Another example is the controversial provision recently being discussed is the 14th Amendment is birthright citizenship. What about these foreigners come here–pregnancy tourists–who want to have their child born in the United States, so he will have refuge if things go bad in his country. But I don’t think that is a necessary interpretation. I’m perfectly happy with these people, I don’t care. Doesn’t bother me in the slightest. But I don’t think it is required by law. I think the Supreme Court would say, what they meant was that the children of the former slaves would be citizens. That is what they meant. They didn’t want a southern state to say “no more slaves, but children of slaves, citizens, no.” That’s what they were worried about. They weren’t worried about tourist pregnancies.

On the 21-year-old President:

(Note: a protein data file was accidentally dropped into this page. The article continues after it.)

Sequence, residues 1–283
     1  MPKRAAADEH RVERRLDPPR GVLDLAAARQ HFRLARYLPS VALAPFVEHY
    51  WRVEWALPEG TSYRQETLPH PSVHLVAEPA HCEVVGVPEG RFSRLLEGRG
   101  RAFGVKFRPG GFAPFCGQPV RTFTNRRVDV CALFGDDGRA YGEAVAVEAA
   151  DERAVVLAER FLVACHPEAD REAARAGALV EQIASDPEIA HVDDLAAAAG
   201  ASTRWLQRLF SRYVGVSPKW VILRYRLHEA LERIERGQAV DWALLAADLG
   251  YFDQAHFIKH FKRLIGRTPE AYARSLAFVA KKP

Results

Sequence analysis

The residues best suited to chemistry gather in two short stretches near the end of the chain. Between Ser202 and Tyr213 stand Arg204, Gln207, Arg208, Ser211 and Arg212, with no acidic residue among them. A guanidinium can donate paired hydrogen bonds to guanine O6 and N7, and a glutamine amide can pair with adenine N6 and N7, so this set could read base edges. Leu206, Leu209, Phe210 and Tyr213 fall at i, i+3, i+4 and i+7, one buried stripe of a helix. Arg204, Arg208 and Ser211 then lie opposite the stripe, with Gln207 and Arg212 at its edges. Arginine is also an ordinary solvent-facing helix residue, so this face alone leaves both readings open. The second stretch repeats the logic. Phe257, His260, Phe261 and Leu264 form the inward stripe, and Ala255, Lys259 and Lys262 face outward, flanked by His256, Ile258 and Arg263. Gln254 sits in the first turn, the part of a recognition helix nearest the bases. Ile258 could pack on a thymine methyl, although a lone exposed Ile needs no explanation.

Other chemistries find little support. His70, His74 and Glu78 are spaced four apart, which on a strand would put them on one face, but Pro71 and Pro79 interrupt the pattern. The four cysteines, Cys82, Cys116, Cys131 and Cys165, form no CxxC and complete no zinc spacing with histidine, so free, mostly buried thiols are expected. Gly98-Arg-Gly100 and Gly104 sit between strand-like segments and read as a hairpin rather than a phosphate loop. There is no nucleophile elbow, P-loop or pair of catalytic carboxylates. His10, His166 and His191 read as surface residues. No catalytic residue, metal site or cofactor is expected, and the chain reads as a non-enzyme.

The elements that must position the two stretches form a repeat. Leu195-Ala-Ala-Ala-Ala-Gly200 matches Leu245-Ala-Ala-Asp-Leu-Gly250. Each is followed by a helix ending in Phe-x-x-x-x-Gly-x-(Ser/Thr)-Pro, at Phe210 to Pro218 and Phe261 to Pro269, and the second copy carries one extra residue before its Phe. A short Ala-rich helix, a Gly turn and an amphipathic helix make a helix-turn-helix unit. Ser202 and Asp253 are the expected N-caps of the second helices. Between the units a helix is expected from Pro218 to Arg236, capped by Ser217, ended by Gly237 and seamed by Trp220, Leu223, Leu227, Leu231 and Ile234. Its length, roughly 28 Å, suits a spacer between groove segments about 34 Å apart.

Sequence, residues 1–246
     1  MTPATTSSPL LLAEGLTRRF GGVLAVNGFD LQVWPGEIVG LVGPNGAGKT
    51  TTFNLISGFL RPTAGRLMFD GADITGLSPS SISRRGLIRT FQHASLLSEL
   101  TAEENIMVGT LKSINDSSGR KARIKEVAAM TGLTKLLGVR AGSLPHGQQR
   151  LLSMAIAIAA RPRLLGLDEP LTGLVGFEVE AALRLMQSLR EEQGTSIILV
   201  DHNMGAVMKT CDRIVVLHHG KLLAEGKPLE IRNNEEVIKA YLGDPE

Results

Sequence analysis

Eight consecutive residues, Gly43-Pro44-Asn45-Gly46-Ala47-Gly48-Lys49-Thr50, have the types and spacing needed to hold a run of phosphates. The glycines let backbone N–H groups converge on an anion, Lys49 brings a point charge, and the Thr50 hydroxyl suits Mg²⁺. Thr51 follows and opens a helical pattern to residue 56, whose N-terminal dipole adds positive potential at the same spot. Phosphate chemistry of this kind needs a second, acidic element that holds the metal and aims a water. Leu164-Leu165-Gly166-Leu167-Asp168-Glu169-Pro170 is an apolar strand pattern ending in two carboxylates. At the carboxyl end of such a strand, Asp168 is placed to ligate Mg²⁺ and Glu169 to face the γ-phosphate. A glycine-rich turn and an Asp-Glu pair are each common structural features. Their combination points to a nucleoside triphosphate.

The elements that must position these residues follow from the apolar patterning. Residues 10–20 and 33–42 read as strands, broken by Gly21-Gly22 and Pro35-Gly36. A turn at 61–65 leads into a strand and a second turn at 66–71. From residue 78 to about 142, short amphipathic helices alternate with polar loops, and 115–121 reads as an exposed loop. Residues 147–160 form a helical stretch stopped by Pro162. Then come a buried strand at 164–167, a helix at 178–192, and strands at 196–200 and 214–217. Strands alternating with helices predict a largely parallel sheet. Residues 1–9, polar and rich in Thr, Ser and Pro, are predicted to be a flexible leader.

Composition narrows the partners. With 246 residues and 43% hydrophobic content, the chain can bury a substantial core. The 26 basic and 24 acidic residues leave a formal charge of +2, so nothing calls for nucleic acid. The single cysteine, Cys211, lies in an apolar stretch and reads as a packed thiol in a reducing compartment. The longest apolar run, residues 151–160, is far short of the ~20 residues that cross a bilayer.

There are also provisions that are not regarded as justiciable. If a candidate for President happened to be 25, or 21 (like Napoleon) and was elected, and suit was brought to say he is too young, I would think a sensible court for the Supreme Court to say this is not not justiciable. If people want the young president, fine. There is no legal analysis to be performed. Not everything in any document, statute or Constitution, is necessarily justiciable.

On David Strauss’s view of the Constitution:

If you look at the entire body of constitutional law, that body of law bears very little resemblance to the text of the Constitution in 1789, 1791, and 1868. David Strauss, University of Chicago, has argued that the Constitution is an authorization to the judiciary to create a body of common law, limiting powers of other government officials. That’s the reality. The only useful way to advocate with regard to constitutional law is to give a good contemporary argument for or against a particular interpretation.

On choosing a “sensible response.”